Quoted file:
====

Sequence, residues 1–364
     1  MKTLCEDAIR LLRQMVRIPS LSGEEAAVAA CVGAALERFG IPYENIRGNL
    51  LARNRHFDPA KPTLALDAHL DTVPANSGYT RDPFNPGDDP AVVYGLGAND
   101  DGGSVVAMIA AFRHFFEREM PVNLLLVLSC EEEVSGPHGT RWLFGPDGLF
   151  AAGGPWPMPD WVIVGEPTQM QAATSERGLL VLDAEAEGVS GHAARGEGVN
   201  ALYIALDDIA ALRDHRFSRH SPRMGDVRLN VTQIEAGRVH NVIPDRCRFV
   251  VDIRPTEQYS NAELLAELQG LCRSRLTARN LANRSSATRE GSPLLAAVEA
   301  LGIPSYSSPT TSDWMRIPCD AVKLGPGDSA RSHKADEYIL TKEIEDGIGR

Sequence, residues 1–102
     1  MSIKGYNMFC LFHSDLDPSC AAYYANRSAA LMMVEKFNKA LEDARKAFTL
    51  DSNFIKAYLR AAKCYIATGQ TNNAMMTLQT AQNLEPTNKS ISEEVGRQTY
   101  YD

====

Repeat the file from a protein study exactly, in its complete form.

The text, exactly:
Sequence, residues 1–364
     1  MKTLCEDAIR LLRQMVRIPS LSGEEAAVAA CVGAALERFG IPYENIRGNL
    51  LARNRHFDPA KPTLALDAHL DTVPANSGYT RDPFNPGDDP AVVYGLGAND
   101  DGGSVVAMIA AFRHFFEREM PVNLLLVLSC EEEVSGPHGT RWLFGPDGLF
   151  AAGGPWPMPD WVIVGEPTQM QAATSERGLL VLDAEAEGVS GHAARGEGVN
   201  ALYIALDDIA ALRDHRFSRH SPRMGDVRLN VTQIEAGRVH NVIPDRCRFV
   251  VDIRPTEQYS NAELLAELQG LCRSRLTARN LANRSSATRE GSPLLAAVEA
   301  LGIPSYSSPT TSDWMRIPCD AVKLGPGDSA RSHKADEYIL TKEIEDGIGR

Sequence, residues 1–102
     1  MSIKGYNMFC LFHSDLDPSC AAYYANRSAA LMMVEKFNKA LEDARKAFTL
    51  DSNFIKAYLR AAKCYIATGQ TNNAMMTLQT AQNLEPTNKS ISEEVGRQTY
   101  YD